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... at the Exeter Corn Exchange and they were very good, despite having been on the stage for over ...
on 26 November 2015
The Blues Band appeared at the Exeter Corn Exchange and they were very good, despite having been on the stage for over 30 years, and Paul Jones was as good as ever. Quote )my own) review: ' For the penultimate number on the first set Kelly broke into Elmore James / Robert Johnson's 'Dust My Blues', a song that was given a new lease life in the 1960s by Peter Green's Fleetwood Mac. Jones gave a memorable performance on wailing harmonica and Kelly reminisced of how he had the honour to play with blues-men Freddy King and Howling Wolf at the Manchester Free Trade Hall in 1969 when tickets cost 12 shilling and six pence!
They finished the first set with the title track from a Jones' CD, Paul quipping, “The album is called 'Suddenly I Like It', and gradually you will too – not too gradually I hope.” He stated it included amazing performances by pianist Jools Holland and American blues-guitar prodigy Joe Bonamassa.
After a 20 minute interval they cracked into 'Say You Will', on 'the thorny topic of mature relationships', with Fletcher on ukulele. 'Some Day Baby' followed featuring guest Ray Beavis on tenor saxophone. D.K. remarked that they had first played with Beavis at the Town and Country Club in 1991! Paul Jones then led on 'The Bad Boy' that he deemed 'semi-autobiographical', probably reflecting the time before he converted to Christianity in the mid-eighties. The r&b standard 'Hallelujah, I Love Her So' followed. During the concert Jones revealed an amazing talent for engaging the audience and in recreating the authentic tones of the Deep South. McGuinness played lead on 'Rain Keep Falling', with brief solos from Fletcher and Townshend, before he mimicked the whole Hendrix shabang of playing guitar behind his head for a number of verses, alternating phrases with Beavis's saxophone.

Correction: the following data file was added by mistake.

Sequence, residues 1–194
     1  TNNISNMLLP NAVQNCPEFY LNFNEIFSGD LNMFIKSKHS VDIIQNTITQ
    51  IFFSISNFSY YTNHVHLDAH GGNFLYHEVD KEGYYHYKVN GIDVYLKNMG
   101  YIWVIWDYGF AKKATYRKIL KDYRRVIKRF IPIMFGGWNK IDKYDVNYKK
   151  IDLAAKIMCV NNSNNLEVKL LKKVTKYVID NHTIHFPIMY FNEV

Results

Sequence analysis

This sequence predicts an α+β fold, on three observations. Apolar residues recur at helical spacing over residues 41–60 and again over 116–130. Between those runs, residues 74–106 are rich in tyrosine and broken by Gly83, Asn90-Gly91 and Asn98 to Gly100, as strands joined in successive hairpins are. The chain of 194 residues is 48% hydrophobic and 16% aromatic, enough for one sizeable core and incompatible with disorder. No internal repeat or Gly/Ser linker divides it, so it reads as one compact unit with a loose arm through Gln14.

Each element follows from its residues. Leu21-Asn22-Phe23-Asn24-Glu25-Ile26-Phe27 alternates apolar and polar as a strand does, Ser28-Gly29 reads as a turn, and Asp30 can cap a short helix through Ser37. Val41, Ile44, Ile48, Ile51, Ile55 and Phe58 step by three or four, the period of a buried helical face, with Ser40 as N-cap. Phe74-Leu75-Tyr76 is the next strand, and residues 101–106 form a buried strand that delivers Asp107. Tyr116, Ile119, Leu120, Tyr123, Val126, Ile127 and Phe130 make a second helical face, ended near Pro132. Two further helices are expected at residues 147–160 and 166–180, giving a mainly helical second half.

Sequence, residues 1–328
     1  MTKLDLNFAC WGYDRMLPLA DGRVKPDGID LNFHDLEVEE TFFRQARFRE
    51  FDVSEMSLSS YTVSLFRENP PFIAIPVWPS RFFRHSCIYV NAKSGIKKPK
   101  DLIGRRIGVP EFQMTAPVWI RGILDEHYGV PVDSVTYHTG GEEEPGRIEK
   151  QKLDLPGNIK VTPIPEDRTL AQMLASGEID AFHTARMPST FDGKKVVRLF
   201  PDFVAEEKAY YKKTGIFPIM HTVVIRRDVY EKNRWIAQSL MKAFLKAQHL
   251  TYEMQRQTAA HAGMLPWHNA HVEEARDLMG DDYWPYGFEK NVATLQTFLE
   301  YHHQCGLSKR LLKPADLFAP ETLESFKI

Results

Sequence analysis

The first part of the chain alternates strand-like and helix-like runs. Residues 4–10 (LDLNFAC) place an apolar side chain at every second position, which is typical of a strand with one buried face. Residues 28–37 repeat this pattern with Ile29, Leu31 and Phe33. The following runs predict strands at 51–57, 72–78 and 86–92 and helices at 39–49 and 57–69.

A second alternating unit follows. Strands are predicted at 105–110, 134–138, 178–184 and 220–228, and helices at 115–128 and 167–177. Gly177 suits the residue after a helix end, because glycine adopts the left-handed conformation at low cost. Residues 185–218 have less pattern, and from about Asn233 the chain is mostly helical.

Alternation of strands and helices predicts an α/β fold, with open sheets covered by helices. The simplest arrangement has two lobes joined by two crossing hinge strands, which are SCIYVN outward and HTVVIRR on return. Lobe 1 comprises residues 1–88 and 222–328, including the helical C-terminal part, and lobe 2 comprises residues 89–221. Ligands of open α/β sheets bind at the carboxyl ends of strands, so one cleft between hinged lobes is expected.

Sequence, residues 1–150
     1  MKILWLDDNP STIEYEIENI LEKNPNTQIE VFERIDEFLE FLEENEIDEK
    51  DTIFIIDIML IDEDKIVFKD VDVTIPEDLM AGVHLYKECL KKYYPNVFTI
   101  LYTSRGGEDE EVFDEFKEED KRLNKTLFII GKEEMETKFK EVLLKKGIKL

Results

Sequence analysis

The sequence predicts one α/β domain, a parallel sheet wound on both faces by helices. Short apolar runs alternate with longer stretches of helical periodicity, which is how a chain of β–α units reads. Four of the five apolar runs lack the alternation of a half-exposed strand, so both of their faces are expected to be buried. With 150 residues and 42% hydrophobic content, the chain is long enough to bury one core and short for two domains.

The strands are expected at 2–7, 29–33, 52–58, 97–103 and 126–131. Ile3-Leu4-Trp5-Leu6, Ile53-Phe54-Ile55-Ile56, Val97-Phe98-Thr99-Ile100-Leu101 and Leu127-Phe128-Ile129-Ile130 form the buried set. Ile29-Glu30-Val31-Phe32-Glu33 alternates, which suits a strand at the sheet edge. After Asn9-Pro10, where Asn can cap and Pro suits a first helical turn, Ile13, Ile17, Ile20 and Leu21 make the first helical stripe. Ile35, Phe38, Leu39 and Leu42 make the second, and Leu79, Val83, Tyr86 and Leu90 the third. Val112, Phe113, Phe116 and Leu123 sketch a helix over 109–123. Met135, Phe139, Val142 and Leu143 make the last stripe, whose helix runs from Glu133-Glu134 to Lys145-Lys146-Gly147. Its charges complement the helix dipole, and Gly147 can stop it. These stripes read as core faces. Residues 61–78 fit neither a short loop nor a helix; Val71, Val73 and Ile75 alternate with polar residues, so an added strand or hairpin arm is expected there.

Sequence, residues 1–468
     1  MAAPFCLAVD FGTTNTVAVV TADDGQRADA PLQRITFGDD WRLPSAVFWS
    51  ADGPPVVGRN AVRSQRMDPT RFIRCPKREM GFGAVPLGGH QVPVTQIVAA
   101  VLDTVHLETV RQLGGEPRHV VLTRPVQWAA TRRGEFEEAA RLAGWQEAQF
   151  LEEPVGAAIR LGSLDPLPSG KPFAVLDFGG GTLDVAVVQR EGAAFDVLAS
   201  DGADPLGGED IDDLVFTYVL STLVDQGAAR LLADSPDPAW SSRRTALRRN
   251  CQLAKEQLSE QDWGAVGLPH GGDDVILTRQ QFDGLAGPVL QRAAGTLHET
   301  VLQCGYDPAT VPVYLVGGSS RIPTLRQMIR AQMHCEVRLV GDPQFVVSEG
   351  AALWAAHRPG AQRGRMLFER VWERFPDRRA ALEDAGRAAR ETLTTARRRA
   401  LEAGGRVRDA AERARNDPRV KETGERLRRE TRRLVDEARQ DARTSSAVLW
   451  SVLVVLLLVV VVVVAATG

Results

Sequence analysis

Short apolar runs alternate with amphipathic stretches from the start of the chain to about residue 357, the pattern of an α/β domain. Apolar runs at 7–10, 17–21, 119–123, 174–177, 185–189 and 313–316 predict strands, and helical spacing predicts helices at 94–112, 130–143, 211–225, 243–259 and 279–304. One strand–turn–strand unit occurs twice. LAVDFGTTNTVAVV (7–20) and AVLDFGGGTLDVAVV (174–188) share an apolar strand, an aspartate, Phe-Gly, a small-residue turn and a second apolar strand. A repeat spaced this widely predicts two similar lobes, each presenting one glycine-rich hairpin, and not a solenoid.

Jones remarked they were 'impressed by the audiences impeccable taste', then ending with a slow tempo version of Chuck Berry's 'Little Queenie', D.K. hamming the words to the third verse. After leaving the stage, much applause led to an encore of the Ray Charles / Louis Jordan standard 'Let the Good Times Roll'. God bless them all. This is an excellent double CD and worth every penny - if you like the Blues!